Regardless of your reasons for considering an information governance initiative, developing a business case to support it is the critical first step.
Information Governance Business Case
In general, a business case is used to substantiate a business endeavor and persuade executive stakeholders that it is worth doing. For that reason, stick to facts and substantiate them with evidence. In the long run, the payback should be greater than the investment (Finance 101 from college). The IG business case should align its goals with general business goals and strategy.
An effective information governance business case can be difficult to make because many of its business benefits are intangible and therefore hard to quantify—e.g., how ‘much’ is better data quality worth?
What to Include in a Business Case
A compelling IG business case includes all the necessary information that executives need to make an informed decision about whether to proceed or not. It should include, at a minimum:
- Available options,
- Analysis of each option, and
- A recommendation, which includes:
- Summary of the benefits
- Cost analysis
- Risk assessment
- Impact on the organization.
When you create a typical information governance business case, it should address one or more of the three impact areas of risk, process, and/or quality. Make sure your IG business case outlines the business need (why do this?) and describes (quantify and/or qualify) the required investment.
Ready to start your information governance program? If the answer is yes then the next section provides a few more things you should probably consider before you begin your information governance journey.
Information Governance Considerations
Implementing a comprehensive information governance program can take a while. An IG program will consist of a group of related projects and activities that need to be coordinated and managed together in order to become part of ‘business-as-usual’ and, ultimately, be effective. It should include measurable benefits (KPIs) and be monitored.
To get started in information governance, you need to understand the components of an IG program and consider what activities are required for it to be not only successful but also sustainable. Finally, consider the following information governance activities you may undertake, which are in no particular order:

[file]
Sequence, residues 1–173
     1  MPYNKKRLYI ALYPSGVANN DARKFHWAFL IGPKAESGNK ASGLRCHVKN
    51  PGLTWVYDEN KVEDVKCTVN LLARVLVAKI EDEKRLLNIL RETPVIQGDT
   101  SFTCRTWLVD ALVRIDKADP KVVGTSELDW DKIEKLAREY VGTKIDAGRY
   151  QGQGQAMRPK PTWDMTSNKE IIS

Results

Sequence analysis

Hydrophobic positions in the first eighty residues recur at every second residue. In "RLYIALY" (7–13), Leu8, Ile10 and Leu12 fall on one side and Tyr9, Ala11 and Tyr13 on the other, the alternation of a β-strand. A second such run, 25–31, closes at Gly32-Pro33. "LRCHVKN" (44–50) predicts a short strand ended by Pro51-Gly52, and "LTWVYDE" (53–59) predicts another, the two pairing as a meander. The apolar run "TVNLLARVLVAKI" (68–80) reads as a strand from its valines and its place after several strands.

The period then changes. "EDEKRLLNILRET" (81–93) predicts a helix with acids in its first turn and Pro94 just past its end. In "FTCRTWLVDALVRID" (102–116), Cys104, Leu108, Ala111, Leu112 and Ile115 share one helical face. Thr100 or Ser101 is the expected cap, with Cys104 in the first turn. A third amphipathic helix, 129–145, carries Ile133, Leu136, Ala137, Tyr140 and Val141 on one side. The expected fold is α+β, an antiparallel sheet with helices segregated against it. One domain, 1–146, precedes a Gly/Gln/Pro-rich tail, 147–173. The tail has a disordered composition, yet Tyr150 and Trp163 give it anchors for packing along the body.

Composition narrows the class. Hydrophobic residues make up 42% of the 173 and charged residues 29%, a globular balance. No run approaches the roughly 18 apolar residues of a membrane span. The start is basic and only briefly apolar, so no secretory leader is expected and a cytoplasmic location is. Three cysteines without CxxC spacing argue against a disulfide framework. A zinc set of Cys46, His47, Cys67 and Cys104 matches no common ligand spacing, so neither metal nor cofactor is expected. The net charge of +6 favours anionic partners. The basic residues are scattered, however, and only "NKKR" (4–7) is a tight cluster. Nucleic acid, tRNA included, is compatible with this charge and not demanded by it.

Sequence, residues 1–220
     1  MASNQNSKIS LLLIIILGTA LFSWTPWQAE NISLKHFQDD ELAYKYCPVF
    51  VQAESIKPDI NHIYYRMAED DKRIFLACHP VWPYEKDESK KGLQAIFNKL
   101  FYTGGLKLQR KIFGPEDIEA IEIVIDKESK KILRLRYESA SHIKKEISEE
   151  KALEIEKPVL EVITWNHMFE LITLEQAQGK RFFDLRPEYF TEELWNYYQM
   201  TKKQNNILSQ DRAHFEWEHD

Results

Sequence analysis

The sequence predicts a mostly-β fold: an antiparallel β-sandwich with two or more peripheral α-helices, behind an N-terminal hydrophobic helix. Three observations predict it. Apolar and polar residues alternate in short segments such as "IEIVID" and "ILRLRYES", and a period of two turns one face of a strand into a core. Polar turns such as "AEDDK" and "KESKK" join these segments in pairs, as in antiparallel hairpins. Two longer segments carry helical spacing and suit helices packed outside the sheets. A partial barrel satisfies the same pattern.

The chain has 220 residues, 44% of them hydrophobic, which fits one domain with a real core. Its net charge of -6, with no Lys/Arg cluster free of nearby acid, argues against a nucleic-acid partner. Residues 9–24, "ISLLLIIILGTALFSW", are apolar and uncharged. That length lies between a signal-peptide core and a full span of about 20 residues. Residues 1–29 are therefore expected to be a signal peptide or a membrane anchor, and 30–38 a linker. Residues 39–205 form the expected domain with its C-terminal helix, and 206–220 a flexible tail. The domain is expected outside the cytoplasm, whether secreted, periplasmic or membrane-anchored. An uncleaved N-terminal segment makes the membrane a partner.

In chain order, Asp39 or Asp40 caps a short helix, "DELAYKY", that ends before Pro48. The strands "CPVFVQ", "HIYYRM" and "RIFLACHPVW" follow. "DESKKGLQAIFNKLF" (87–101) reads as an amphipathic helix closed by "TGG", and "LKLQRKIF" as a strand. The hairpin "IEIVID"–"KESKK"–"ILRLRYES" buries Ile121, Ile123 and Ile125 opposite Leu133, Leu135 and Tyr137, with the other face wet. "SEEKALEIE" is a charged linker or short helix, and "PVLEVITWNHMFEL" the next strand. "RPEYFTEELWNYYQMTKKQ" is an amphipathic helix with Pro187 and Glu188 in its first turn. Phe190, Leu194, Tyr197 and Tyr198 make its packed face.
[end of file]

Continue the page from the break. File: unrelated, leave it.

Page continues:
IG Activities You Can Perform
- Perform an information management maturity assessment using an IG maturity model to document the current state of your information.
- Use process discovery to document tacit information governance processes.
- Perform a gap analysis to identify the gap between the current state and the desired state.
- Determine how your business strategies and goals align with information governance strategies and goals.
- Develop an overall IG strategy—Charter, RACI matrix, roadmap, etc.
- Assess external influencers (regulators, competitors, etc.) using a SWOT analysis.
- Determine scope: What content is going to be managed, in which business units?
- Evaluate the capacity to change—People, IT, processes.
- Develop or update your business glossary and business rulebook.
- Coordinate with information architecture to evaluate IG and IM tools and applications.
- Develop IG principles, policies, procedures, and standards.
- Identify IG sponsors and stakeholders.
- Develop CSFs and KPIs to measure IG effectiveness.
- Identify the required skills and related roles needed to be effective and successful.
- Estimate implementation costs and payback period
Ready to get started with information governance but not sure how to start? Are the contents of these activities unclear? Unsure of which activities are simple and which are complex? Need help putting your information governance business case together? We’ll get your organization “governing” its way to information success!CONTACT OVITAS